Bodies and Structures 2.0: Deep-Mapping Modern East Asian History

Racing through Water

As one of the most popular holidays in Chinese society, Dragon Boat Festival, as well as dragon boat racing, have commonly been perceived as being associated with the commemoration of an ancient poet, Qu Yuan (circa 343 — 278 BCE). Yet, as historian Hsi-yüan Chen points out, the festival varies regionally in terms of rituals, deities, and dates, and it has been closely correlated with local identities, popular practices, and political deliberations (Chen 2008).

In Wenzhou, for example, this festival was not solely for the commemoration of Qu Yuan. It was linked with various sections in local society, and was also used as an instrument for conflicts and competition. As historian Roger Shih-chieh Lo persuasively argues, dragon boat races in Wenzhou–with varied origins, forms, and beliefs—have constantly been used for distributing social, cultural, and political resources. Local people usually used these races as an opportunity to show their opinions, and hence were involved in behind-the-scene conflicts and negotiations at their races and festivals (Lo 2019).

Moreover, while the races had constantly been regarded as an arena for competition, they were also related to one of the most important elements of Wenzhou society—namely, water. The canals and rivers were not only used for irrigation, flood drainage, and transportation, they were also used as boundaries between lands and as routes connecting villages with shared interests. These waterways could be the causes of disputes regarding the use of waters and lands; they could also serve as the site for resolving disputes or reshaping social relationships. In either case, dragon boat races have served as a useful instrument for local communities to connect, contest, or negotiate with one another.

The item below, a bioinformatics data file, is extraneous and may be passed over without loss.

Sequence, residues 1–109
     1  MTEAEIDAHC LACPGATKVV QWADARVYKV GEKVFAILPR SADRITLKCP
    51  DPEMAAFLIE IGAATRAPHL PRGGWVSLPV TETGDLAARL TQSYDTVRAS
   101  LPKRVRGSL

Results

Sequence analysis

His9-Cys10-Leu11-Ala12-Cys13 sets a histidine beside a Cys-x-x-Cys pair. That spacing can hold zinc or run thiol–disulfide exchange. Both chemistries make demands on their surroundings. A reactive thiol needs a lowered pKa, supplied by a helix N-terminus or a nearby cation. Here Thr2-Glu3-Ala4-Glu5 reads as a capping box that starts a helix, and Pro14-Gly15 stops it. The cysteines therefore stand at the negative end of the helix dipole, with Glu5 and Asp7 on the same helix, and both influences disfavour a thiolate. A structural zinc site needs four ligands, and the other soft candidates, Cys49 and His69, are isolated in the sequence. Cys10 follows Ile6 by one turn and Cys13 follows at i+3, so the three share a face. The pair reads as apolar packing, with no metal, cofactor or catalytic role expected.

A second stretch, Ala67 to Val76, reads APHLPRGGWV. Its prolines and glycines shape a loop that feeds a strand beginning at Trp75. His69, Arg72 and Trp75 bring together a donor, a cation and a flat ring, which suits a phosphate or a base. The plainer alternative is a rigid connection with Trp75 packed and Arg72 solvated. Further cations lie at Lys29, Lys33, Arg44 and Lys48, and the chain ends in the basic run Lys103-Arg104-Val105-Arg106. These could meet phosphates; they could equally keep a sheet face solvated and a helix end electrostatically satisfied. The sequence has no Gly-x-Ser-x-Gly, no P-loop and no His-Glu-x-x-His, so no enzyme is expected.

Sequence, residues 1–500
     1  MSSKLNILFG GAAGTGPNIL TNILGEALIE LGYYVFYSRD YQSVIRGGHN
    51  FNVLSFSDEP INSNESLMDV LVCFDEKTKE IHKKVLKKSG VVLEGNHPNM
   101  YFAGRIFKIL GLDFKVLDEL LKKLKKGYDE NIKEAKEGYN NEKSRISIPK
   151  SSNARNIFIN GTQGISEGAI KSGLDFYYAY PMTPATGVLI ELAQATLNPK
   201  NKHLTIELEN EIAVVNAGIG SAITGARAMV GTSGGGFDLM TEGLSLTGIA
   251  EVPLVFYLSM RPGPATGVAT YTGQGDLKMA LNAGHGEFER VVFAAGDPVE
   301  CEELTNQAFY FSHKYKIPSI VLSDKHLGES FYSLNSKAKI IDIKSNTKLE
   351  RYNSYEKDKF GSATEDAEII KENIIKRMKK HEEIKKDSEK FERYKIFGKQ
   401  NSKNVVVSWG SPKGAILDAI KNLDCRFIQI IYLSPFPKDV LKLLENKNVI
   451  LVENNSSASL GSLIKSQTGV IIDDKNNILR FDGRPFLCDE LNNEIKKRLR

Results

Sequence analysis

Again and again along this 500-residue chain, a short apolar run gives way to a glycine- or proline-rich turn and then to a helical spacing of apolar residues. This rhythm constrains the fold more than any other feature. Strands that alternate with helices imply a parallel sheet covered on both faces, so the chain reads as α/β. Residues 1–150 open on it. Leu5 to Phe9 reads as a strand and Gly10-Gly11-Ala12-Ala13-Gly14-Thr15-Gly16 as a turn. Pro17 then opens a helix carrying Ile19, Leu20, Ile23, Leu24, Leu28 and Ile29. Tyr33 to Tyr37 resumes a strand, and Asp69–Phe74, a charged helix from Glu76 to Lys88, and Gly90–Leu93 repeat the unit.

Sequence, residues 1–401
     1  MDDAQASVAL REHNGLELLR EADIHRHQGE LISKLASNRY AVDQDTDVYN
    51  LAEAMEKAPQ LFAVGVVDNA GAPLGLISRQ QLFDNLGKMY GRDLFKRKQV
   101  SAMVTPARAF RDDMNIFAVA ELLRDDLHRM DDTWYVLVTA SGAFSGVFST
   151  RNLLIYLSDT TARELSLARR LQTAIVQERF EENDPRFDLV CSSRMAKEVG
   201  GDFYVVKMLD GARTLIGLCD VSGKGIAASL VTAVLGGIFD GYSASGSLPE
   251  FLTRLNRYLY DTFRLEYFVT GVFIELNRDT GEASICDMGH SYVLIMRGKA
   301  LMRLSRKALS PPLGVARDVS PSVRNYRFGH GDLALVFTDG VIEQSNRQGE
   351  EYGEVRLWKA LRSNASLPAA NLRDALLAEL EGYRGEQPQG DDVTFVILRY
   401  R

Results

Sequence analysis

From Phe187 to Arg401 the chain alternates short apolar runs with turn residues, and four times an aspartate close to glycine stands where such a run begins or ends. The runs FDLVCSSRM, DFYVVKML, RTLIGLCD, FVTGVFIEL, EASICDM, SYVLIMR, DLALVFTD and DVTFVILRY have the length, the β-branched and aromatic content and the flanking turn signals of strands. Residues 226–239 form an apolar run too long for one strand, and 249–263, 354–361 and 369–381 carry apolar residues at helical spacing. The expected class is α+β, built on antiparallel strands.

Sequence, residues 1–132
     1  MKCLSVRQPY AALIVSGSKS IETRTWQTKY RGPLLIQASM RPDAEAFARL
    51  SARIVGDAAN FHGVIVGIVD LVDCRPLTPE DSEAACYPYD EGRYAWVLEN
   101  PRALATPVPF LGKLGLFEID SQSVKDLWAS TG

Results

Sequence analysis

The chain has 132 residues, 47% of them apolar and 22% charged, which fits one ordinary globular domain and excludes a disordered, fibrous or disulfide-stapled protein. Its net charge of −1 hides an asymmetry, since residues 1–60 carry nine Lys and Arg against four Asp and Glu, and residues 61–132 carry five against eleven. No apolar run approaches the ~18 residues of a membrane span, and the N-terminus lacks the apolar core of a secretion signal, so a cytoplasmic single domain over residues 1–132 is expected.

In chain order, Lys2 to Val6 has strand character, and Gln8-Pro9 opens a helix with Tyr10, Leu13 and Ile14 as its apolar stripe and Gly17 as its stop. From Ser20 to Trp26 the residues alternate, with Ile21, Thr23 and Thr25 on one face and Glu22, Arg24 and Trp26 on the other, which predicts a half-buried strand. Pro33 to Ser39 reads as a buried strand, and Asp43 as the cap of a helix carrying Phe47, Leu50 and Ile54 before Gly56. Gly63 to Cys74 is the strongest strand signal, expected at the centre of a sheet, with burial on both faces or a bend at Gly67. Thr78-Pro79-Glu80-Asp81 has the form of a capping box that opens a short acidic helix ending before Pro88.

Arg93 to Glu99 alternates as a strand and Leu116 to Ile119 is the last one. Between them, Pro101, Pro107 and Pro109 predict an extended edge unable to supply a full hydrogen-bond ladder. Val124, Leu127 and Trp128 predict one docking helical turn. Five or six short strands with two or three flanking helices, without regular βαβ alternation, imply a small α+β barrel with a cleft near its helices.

In the following sections, I will use Zhang Gang's experiences to discuss how dragon boat racing became an integral part of daily life in Wenzhou. I will also use these cases to analyze how such races shaped the ways people interacted with water—especially the rivers and canals where the races were performed—and constructed a space for negotiating resources and communal affairs in people's daily life.

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